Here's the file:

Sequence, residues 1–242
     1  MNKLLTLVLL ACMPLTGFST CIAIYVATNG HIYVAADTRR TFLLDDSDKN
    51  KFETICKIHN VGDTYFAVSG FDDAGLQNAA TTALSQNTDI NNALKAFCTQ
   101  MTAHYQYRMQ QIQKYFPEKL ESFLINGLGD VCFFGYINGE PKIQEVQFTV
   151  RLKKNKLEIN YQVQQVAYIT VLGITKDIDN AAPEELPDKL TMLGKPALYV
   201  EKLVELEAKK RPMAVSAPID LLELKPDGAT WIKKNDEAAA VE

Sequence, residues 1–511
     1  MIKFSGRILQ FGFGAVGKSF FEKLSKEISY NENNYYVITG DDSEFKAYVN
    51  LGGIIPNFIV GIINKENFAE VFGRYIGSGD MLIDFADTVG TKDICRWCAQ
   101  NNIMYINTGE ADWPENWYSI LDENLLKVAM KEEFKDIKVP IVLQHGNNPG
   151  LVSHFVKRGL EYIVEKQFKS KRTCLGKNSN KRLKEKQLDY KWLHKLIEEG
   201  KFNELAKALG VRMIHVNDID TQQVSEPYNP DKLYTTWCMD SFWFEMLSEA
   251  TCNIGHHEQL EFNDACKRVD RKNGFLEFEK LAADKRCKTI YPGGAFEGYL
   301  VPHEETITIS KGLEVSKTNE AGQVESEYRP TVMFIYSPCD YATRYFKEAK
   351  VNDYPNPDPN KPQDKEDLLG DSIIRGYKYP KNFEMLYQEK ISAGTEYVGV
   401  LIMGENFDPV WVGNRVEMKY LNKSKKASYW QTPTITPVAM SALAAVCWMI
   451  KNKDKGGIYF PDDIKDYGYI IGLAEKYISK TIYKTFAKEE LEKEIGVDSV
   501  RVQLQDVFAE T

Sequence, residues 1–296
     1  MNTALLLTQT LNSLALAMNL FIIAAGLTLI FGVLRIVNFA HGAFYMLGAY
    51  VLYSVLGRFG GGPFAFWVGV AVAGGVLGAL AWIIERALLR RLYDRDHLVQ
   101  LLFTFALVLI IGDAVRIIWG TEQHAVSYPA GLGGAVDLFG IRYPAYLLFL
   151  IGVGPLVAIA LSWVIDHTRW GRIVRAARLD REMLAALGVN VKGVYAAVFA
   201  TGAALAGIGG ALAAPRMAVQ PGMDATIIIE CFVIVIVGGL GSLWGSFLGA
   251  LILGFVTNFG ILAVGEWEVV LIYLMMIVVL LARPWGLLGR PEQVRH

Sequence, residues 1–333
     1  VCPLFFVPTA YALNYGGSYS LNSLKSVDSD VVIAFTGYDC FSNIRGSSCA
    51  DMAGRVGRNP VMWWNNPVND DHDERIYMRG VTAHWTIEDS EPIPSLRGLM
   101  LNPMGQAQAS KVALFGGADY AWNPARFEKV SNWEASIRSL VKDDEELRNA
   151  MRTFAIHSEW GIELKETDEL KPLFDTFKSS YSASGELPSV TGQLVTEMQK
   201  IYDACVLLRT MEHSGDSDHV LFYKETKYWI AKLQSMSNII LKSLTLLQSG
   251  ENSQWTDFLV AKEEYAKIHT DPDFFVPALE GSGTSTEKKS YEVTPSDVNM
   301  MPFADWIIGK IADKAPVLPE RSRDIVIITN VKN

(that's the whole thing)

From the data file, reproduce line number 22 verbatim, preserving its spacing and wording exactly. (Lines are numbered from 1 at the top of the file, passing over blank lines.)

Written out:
   101  LLFTFALVLI IGDAVRIIWG TEQHAVSYPA GLGGAVDLFG IRYPAYLLFL